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The National Awards continue to confound

April 21, 2014 15:11 IST

Rajkummar Rao in ShahidIn a year where we can find positives in wins for the great Gulabi Gang documentary and ace cinematographer Rajeev Ravi, the silver lining doesn’t seem as wide if our priorities remain as skewed.

There are few awards as consistently confounding as the National Awards, where films seem picked neither by artistic quality or box office barometer, but rather as if several movie-names were put up on a dartboard and a blindfolded jury went ahead and did its thing.

Occasionally, despite the blindfolded, chancy format, the right films are rewarded and we all applaud; the rest of the time we shake our heads and wished we had one award ceremony in this country -- one jury, across all the awards and festivals we have in India -- that even came close to rewarding the right people for the right films. 

Click here for a complete list of winners at the 61st National Awards. 

This year, for example, three films won bigger than the others: Ship Of Theseus, Shahid and Jolly LLB. 

Congratulations, then, to Hansal Mehta, the Best Director winner (Shahid), for having triumphed in most cinematically underdog fashion: Mehta’s story -- that of an envelope-pushing director mired into mediocrity by producers and circumstances, beaten up by political goons and then, after many years on the sidelines, getting the chance to tell the inspiring tale of slain human rights lawyer Shahid Azmi, a sincere film that turned his life around -- is one that should be made into a movie, and I’m wondering which of our actors could pull off that striking silver mane.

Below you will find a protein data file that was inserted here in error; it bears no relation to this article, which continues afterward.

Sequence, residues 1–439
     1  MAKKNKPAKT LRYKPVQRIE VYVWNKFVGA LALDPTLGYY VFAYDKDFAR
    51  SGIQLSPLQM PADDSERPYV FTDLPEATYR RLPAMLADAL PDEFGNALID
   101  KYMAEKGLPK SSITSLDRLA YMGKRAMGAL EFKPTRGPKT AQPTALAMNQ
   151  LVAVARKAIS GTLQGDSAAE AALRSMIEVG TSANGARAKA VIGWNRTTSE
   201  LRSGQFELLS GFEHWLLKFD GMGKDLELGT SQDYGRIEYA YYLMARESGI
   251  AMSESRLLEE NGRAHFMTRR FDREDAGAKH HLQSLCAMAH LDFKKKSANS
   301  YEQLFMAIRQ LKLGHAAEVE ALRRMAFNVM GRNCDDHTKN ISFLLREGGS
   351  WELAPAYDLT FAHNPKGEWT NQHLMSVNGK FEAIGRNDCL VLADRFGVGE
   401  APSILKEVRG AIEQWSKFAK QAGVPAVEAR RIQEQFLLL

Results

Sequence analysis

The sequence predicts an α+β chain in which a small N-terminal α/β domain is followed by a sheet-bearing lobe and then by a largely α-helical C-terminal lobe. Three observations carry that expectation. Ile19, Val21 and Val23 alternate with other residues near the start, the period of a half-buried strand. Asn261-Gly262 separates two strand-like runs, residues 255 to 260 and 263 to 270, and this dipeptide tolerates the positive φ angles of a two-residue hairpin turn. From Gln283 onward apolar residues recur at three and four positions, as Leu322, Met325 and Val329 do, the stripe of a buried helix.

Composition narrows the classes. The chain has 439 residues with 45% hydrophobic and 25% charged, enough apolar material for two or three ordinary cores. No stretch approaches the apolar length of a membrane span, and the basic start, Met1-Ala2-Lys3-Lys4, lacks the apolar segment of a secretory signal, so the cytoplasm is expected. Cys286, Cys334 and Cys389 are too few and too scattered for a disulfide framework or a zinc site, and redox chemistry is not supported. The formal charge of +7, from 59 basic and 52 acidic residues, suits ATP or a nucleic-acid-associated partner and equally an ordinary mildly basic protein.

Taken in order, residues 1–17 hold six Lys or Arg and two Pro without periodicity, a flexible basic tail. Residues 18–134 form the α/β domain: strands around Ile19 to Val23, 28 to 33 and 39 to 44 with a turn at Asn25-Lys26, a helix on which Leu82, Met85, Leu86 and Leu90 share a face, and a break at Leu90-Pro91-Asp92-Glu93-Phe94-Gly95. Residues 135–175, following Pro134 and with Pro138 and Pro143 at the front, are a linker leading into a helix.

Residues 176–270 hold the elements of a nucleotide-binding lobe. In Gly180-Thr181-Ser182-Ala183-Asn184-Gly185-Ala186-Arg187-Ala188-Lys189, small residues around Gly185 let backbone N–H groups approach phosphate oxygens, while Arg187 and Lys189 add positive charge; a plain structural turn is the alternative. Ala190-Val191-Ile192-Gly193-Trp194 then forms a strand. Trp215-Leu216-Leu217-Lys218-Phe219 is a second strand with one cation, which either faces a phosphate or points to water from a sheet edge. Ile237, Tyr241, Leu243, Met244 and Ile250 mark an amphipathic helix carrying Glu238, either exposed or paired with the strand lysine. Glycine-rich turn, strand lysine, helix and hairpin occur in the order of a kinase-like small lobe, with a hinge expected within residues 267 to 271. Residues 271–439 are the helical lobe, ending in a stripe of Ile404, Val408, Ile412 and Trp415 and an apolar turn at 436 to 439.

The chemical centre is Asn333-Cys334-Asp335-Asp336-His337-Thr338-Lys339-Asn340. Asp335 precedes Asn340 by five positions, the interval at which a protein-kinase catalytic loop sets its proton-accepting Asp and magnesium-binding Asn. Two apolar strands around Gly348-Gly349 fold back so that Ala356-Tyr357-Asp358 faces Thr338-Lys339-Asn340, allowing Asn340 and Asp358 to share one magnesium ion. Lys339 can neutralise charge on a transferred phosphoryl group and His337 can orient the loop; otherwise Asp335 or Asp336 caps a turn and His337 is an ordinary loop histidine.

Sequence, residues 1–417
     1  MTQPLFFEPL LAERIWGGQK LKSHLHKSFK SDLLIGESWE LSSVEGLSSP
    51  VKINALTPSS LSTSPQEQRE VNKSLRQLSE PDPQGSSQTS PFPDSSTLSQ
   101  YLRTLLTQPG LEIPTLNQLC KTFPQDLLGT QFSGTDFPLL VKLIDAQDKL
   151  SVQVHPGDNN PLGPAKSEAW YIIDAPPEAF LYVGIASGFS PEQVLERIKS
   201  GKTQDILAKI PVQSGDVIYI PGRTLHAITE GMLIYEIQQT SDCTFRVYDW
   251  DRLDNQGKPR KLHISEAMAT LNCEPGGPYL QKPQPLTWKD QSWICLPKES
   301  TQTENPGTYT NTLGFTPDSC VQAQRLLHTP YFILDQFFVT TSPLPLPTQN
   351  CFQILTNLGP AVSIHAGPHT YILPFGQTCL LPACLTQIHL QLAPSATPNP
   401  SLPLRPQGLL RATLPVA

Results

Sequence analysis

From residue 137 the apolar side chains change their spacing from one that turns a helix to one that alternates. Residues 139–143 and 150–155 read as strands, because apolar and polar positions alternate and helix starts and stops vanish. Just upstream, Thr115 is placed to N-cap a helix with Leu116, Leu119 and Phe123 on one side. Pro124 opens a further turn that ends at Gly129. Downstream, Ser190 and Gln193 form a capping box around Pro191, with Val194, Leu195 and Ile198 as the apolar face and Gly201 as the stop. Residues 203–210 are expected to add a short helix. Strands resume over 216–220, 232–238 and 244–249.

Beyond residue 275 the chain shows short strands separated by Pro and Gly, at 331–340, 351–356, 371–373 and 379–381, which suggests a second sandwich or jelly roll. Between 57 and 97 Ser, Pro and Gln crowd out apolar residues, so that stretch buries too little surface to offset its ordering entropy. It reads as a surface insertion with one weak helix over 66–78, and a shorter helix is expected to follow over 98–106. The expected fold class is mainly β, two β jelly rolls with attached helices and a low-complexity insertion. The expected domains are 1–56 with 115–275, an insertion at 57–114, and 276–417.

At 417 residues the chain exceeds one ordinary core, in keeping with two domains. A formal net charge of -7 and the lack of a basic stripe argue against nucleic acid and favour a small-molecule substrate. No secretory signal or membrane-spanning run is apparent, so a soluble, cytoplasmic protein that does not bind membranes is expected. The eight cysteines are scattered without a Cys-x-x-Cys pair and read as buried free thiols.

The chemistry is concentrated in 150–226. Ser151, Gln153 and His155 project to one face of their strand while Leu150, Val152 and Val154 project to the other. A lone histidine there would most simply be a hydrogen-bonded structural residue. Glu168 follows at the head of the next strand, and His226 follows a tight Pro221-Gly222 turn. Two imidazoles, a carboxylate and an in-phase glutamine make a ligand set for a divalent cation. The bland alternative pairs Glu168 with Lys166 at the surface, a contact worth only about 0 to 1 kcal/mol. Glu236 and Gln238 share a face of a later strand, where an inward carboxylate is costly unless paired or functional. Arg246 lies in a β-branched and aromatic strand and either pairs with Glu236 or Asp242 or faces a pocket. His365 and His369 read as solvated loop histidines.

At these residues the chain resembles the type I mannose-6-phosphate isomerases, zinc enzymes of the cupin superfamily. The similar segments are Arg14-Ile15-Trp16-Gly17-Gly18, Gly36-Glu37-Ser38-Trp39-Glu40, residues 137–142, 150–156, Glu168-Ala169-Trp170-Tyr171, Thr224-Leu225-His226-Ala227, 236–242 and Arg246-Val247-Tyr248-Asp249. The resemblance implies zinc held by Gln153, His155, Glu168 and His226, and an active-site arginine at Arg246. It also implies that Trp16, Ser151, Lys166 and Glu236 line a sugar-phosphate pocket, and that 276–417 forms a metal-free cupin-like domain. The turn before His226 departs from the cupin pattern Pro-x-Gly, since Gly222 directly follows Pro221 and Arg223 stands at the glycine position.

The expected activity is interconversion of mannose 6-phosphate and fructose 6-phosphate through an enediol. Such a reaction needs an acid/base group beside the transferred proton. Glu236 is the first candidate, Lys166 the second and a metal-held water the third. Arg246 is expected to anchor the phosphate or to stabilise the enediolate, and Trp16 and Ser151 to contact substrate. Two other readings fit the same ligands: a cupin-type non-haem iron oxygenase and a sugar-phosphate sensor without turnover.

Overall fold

Well done, sir, and kudos also to his leading man Rajkummar Rao, who is one of the finest in our current lot and deserves every nod he gets.

Rao shared the Best Actor award with Suraj Venjaramoodu, who is apparently stunning in the Malayalam film Perariyathavar.

This was the good bit.

What happened with Ship Of Theseus is flummoxing.

It isn’t surprising that such a huge critical darling -- a film more people read layers into than actually exist, a film everyone wants to say they get, and most importantly, as fellow critic Sudhish Kamath astutely summed up, a film that makes a less-evolved audience feel more intelligent by dint of extreme accessibility -- would be singled out for praise, but what prizes?

Instead of rewarding the remarkable Neeraj Kabi with a Best Actor trophy or hailing Pankaj Kumar’s sublime work with a Best Cinematographer award, they gave it Best Feature Film and, bizarrely, Best Supporting Actress for Aida El-Kashef, who was unquestionably that film’s weakest link. 

I was amused with some parts of Jolly LLB and remember saluting Saurabh Shukla’s work in my review, and while that Best Supporting Actor award is all very well, calling a slapdash, amateurish, poorly written, preachy film like Jolly LLB the Best Hindi Film of the year is, quite frankly, ridiculous.

The mere existence of broadly-drawn satire doesn’t make the film good or relevant, and this is a significant step backward for our cinema, the sort that encourages hacky writers and filmmakers with an aversion to subtlety. God save us.

As for the film rewarded for Wholesome Entertainment (a prize that has also been won most notably by Dabangg in recent years), Rakeysh Omprakash Mehra’s Bhaag Milkha Bhaag seems to have won (aside for Farhan Akhtar’s stellar cardiovascular work) for thumbing its nose rather needlessly at Pakistan. Sigh.

In a year where we can find positives in wins for the great Gulabi Gang documentary and ace cinematographer Rajeev Ravi, the silver lining doesn’t seem as wide if our priorities remain as skewed.

Raja Sen/Rediff.com in Mumbai